Step 2:  Sauté the butternut squash in the bacon fat. When the squash turns a darker color and is starting to brown add in the garlic. Continue cooking until the squash is fork tender. When the pasta is done strain it out, reserve at least a cup of the pasta water for making the sauce. Prepare a small dish with the parmesan and egg yolks mixed together.

Step 3:  Take the butternut squash off the heat. Add a couple tablespoons of the pasta water to the pan. When the pan has stopped sizzling (a minute or so) add the egg yolk and parmesan cheese. Mix then add the cream and the bacon. Add additional pasta water if the sauce is too thick. You want the sauce to pour slowly from a spoon.

Step 4: Toss the sauce with your pasta or gnocchi, plate and serve immediately.  There is no reheating of this dish.  If you stick it in the microwave or back on the stove you'll cook the egg yolk and lose the creamy texture.  (Trust me I know!  After I took the photos my gnocchi a la carbonara was cold so I put it in the microwave and wound up with gross cooked egg.  Very sad.  I ate it anyway.  I couldn't waste it.)


  1. You can't go wrong with those simple ingredients. So rich and delicious!

  2. Yummy! Thanks for such mouth watering recipe.
    Keep posting! I am looking forward for others.

  3. Foy - Love love love Carbonara. Though my enjoyment has been reserved to the Italian traditional style (at La Carbonara on Campo de' Fiori -Roma!) on Spaghetti or Penne, with no cream, just Parm, egg, pancetta, and pepper. Ranks right up there with arrabbiata, and the original Alfredo - It's not good for you, but it's amazing (no cream here either). Check it out! http://www.saveur.com/article/Recipes/The-Original-Fettuccine-Alfredo

  4. Look wonderful, beautiful pictures. I will have to give this a try.

  5. OK--I just tried this tonight with spaghetti squash instead of gnocchi. It was pretty darn good for a "almost" vegetarian meal (sans the bacon!) !!!!! (I also added some halved cherry tomatoes.)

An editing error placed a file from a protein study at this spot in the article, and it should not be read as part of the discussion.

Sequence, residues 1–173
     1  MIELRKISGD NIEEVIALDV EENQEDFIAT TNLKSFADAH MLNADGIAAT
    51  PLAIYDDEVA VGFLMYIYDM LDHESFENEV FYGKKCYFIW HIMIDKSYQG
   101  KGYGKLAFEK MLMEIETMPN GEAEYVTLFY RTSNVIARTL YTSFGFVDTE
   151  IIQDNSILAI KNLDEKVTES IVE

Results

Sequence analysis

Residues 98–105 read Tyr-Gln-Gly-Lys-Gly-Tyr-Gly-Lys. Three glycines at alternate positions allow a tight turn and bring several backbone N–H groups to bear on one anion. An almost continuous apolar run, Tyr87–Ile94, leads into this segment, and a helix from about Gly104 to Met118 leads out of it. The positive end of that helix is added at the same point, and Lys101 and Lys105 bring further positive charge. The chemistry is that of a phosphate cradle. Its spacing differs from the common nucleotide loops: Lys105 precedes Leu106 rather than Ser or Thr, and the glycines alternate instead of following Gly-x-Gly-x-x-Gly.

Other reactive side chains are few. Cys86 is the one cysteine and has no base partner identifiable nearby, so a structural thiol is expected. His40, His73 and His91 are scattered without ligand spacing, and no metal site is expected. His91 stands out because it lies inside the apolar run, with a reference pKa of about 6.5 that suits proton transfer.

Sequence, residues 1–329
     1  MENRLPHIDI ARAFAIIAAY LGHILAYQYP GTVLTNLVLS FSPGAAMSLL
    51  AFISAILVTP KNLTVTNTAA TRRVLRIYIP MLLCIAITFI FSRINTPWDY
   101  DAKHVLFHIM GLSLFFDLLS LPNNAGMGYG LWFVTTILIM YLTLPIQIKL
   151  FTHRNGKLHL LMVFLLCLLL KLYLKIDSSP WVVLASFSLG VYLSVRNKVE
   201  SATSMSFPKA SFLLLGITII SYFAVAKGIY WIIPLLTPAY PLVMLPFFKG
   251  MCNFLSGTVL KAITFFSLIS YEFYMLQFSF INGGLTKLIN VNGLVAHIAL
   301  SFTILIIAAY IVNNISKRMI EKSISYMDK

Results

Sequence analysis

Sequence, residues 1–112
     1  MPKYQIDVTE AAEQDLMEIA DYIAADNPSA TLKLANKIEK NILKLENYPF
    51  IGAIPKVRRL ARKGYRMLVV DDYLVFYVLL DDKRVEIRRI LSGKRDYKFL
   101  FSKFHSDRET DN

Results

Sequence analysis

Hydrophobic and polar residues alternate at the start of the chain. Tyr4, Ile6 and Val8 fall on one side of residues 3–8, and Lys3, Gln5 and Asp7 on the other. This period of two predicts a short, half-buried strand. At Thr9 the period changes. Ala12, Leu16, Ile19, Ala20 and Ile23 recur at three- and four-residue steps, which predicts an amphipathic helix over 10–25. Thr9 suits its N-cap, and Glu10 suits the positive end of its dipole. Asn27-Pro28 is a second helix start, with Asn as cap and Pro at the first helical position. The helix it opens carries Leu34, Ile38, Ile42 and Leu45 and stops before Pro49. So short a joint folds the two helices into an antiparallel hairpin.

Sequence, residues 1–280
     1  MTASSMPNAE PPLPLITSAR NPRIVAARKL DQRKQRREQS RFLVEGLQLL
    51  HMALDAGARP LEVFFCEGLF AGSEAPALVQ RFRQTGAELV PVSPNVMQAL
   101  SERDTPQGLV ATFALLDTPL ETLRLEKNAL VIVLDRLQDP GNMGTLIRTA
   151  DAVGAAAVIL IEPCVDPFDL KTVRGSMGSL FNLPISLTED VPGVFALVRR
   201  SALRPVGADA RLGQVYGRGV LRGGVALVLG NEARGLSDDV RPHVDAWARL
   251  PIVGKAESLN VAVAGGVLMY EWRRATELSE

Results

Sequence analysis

6. Bacon and butternut squash just sound like they should go together! I love carbonera as well, but I've never made it at home. Thank you for the inspiration! I'm eager to try this.

  7. What a lovely dish, with pictures good enough to eat. Nice idea to dress the gnocchi with a carbonara sauce.

  8. Anonymous10/16/2010

    Never thought to add gnocchi to cabanara... yours looks awesome!

  9. Since I learned to make real carbonara, it has become an occasional dish for me (as opposed to the days when the low-fat TV dinner version was almost a weekly affair). It is so decadently rich that a little goes a long way. I'm not a huge squash fan, but the idea of making it with gnocchi is very intriguing. Thanks for the post!

  10. I love carbonara, it's such a sinful and comforting food..and once you make it yourself it just seems as if no other carbonara will compare. I will admit I have always been scared to make gnocchi, the butternut squash version sounds too good to resist!

  11. Wow, love the idea Carbonara & Gnocchi.. officially on my to do list! Thanks Foy

  12. Anonymous10/19/2010

    This looks so, so good. Violin girl loves gnocchi. I just love saying it. Gnocchi...gnocchi...gnoc...
    Kaukab's daughter

  13. Anonymous1/11/2012

    I just tried making this, and it cooled way faster than I had wanted it to, But I suck at cooking.

    Where in this recipe does it call for the marjoram!?

    Anyways, it was fun to try, gave me something to do! thanks